Natural gas minister Rich Coleman (left)

Coleman plays down Petronas LNG threat

Talks going well with Malaysian energy giant, B.C.'s tax not a deal-breaker for LNG development, minister Rich Coleman says

WHISTLER – B.C.’s minister for natural gas development is playing down a threat from the president of Malaysian energy giant Petronas to withdraw from its $10 billion project to export liquefied natural gas from a terminal near Prince Rupert.

Petronas CEO Shamsul Abbas was quoted in the international business paper Financial Times Thursday accusing Canada and B.C. of “uncertainty, delay and short vision” in its regulations, taxes and “lack of appropriate incentives” to invest.

B.C. minister Rich Coleman said Thursday he contacted Petronas when he saw the report. He said Abbas has expressed similar concerns before, but B.C. negotiators continue to work on terms for a master development agreement.

Coleman said company representatives assured him the province has met every deadline Petronas has asked for, and he and Premier Christy Clark are set to meet with Abbas when he visits Canada next week.

“We know that we are getting to a spot competitively, globally, because everybody’s told us that, but he’s representing the interests of Petronas as we go through this,” Coleman said. “We’re going to represent the interests of British Columbia, to make sure B.C. gets its share of this opportunity.”

The Malaysian state-owned company is leading a consortium that includes Chinese, Japanese, Indian and Brunei investors for a pipeline and LNG processing in northern B.C. Petronas paid $5 billion last year to take over Progress Energy Canada, which has major shale gas holdings in northeast B.C. and Alberta.

The B.C. government plans to pass legislation in October to establish a tax on LNG exports. Coleman said the provincial tax is a small part of the negotiations, which include B.C.’s air quality requirements and protection of fish habitat at the Lelu Island site on the North Coast.

Fisheries impact from construction of the port could cause Petronas to change its design, which would delay development, but the project is not at risk, Coleman said.

“I think the only risk to any project in B.C. and anywhere in the world is the price of natural gas,” Coleman said. “If you can’t get the return on your investment and capital from the price you can sell it for, you’re not making the final investment decision, but that’s always been the case.”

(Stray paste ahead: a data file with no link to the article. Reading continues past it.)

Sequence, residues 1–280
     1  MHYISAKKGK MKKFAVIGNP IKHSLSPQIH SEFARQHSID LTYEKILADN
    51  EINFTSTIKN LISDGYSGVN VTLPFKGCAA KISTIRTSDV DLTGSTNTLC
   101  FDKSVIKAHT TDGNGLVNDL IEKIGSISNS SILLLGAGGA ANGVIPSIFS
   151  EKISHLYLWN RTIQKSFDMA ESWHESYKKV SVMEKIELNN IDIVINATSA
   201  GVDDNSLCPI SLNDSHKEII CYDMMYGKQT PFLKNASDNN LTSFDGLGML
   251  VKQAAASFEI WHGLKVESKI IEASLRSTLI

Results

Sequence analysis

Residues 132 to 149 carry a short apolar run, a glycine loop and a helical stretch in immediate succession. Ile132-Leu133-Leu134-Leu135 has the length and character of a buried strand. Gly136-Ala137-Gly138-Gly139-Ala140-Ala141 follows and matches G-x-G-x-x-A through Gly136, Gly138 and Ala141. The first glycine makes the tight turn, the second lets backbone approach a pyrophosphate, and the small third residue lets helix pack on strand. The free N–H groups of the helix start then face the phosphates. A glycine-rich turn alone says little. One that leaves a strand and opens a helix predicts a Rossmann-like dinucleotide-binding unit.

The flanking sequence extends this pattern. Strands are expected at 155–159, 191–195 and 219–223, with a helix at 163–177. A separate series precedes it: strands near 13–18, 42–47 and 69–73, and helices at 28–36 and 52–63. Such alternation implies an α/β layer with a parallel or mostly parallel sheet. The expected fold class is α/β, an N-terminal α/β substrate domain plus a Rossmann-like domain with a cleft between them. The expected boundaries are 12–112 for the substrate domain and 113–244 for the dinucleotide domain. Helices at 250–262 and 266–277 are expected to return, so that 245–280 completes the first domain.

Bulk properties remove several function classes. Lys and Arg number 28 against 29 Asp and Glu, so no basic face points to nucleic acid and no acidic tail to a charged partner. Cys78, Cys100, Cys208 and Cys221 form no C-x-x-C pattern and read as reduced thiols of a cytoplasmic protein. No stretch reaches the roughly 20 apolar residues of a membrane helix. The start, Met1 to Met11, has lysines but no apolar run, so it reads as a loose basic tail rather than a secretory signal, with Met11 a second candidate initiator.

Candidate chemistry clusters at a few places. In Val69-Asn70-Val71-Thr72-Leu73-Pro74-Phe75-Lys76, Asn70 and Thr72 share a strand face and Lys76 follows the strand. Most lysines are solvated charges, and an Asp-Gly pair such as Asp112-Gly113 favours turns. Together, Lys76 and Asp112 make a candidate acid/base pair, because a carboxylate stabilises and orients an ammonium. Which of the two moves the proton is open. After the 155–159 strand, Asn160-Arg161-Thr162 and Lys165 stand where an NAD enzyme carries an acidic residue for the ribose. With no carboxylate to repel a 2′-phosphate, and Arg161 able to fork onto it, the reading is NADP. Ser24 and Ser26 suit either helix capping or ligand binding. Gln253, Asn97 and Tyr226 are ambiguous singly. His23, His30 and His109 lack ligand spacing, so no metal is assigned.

NDP leader John Horgan said Abbas’ comments sound like “negotiating in public,” but B.C. has been slow to pursue export of vast shale gas reserves that have been known for many years.

VIDEO: Premier Christy Clark calls Petronas’ threat a negotiation tactic

Just Posted

Greyhound cleared to end routes in northern B.C., Vancouver Island

Company says nine routes have dropped 30% in ridership in last five years

Houston athletes prepare for B.C. Winter Games

Eryn Czirfusz and U14 ringette team to represent Houston

BC BUDGET: New spaces a step to universal child care

Fees reduced for licensed daycare operators

BC BUDGET: NDP cracks down on speculators, hidden ownership

Foreign buyers’ tax extended to Fraser Valley, Okanagan, Vancouver Island

BC BUDGET: Payroll tax replaces medical premiums

Health spending to increase $1.5 billion for drugs, primary care teams

Therapy dogs make appearance at B.C. Games

The St. John’s Ambulance therapy dog program launches a pilot project at the 2018 Kamloops B.C. Winter Games

How to keep local news visible in your Facebook feed

Facebook has changed the news feed to emphasize personal connections. You might see less news.

Canucks fold 5-3 in first ever trip to Vegas

Daniel Sedin had two points as Canucks fall to the Golden Knights Friday night

That’s a wrap: B.C. Games results after Day 1

Vancouver-Coastal Zone 5 is in the lead for medals Friday at the Kamloops 2018 B.C. Winter Games

Sticking the landing at the B.C. Games

Gymnasts talk competition, B.C. Winter Games, and teamwork in Kamloops

$153M in federal cash to fund child care, education training in B.C.

Bilateral agreement will create 1,370 new infant and toddler spaces

A B.C. woman talks her life in the sex trade

A view into the life from one Kelowna prostitute and the issues it can cause for women

Twitter feed prays for — instead of preying on — B.C. MLAs

Non-partisan Christian group wants to support politicians through personalized prayer

Mills Memorial Hospital financing formula released

Regional taxpayers to pay $113.7 million for new facility.

Most Read